Copyright 2013 James Marsh
Fly Fishing Guide for Penns Creek Pennsylvania

The upper part of Penns Creek, in the area above Coburn, the stream is
stocked by the state. There are a lot of larger holdover that in that area also.
The newly stocked trout can be caught on a number of different attractor and
generic fly patterns and without a great deal of skill on the part of the angler at
times. The larger holdover trout aren't so easy to catch. You need to
concentrate on the most available food the trout have to eat to catch them.
That isn't easy. As you can see from our hatches section, there are numerous
aquatic insects as well as other food available for the trout.

Below Coburn, in the wild trout section of the stream, you have to pay close
attention to what the trout are most likely feeding on throughout the season.
Multiple hatches are often more common than single hatches. It pays to keep
a close check on the hatch chart and try a different variety of flies for the
multiple hatches that occur. Again, the key is flexibility. Don't become set in
any one way of fishing Penns Creek or you will soon find yourself having a
difficult time to finding any action.

The stream is a wide stream. It varies from fifty feet to up to a hundred yards
wide in places. There are usually numerous places for the wild brown trout to
be hiding. You will have a difficult time deciding which of the holding areas are
best because the entire creek is full of likely areas. It also has a wide variety of
water types. Even though it's a spring creek, it acts more like a freestone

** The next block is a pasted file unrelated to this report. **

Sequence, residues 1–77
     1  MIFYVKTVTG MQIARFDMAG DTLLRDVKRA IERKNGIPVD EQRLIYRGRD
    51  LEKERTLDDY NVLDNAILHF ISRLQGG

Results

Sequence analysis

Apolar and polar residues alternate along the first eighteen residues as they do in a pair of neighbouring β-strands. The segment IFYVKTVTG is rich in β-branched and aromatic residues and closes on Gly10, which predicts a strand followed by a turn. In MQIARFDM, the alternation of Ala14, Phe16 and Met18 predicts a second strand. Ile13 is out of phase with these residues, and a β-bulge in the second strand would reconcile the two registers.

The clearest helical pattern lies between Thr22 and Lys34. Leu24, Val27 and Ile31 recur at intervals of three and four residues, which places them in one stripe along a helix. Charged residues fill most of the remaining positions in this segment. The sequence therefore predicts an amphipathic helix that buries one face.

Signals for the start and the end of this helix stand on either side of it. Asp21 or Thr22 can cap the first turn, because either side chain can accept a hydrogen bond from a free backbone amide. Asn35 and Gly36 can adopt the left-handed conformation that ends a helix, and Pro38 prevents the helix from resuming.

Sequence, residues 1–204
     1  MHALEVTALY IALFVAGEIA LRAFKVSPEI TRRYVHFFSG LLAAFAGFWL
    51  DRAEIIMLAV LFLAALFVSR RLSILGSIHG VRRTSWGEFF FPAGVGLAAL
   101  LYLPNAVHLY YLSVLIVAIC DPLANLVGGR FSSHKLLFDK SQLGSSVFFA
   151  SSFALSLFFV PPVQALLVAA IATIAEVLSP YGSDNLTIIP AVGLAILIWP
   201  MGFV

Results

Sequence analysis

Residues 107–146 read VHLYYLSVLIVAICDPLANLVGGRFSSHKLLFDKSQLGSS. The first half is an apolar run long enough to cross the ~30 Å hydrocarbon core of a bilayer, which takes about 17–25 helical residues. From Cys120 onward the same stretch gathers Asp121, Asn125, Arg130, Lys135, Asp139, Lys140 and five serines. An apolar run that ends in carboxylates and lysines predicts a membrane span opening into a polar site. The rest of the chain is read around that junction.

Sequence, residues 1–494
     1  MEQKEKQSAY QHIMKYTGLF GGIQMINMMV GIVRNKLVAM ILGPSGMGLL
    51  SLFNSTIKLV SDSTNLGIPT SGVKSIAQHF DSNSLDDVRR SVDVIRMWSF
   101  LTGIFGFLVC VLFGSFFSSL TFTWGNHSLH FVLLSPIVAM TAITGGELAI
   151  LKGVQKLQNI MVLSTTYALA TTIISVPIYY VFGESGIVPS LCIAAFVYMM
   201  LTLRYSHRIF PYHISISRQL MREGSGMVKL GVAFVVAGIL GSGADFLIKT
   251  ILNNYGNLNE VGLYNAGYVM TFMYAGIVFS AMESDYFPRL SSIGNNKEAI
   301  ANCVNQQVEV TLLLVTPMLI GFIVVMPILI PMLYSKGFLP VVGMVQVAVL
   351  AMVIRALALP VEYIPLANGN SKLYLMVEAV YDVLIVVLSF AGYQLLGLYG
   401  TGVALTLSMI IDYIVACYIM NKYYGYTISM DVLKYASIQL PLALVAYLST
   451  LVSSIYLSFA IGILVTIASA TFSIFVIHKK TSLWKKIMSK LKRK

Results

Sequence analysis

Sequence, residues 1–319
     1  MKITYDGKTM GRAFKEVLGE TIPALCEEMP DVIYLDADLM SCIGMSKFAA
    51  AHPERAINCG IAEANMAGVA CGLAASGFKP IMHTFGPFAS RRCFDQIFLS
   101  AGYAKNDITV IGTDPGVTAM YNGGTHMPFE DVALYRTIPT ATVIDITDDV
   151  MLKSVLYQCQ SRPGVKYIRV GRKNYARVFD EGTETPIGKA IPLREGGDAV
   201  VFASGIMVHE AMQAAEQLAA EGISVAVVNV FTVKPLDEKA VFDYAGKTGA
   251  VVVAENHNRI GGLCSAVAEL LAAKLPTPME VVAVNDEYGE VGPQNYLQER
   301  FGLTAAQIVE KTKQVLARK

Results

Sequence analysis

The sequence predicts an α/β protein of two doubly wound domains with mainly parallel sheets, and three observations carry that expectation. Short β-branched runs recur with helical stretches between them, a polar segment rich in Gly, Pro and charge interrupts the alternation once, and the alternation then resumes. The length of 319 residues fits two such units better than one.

stream in terms of flows. There are long runs, deep short and long pools,
riffles of all types, smooth, slick sections of water and fast, rough sections of
pocket water, depending on where you are fishing. You have to choose a
method for each type of water.

Although Penns Creek is considered a very good dry fly stream, and rightly so
I may add, it still will produce far more brown trout from subsurface fishing
methods than from the dry fly. Large brown trout are far more prone to feed
below the surface than on top. In fact, there are few aquatic insects that will
bring the large ones to the surface and that usually happens during very low
light situations or during the evening. If I could give you one good tip to
improve your catch on Penns Creek, it would be to stick with nymphs, wet flies
and streamers. Unless there is a major hatch taking place, you are going to
get far better results from fishing the deeper water hiding places with nymphs.
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Penns Creek
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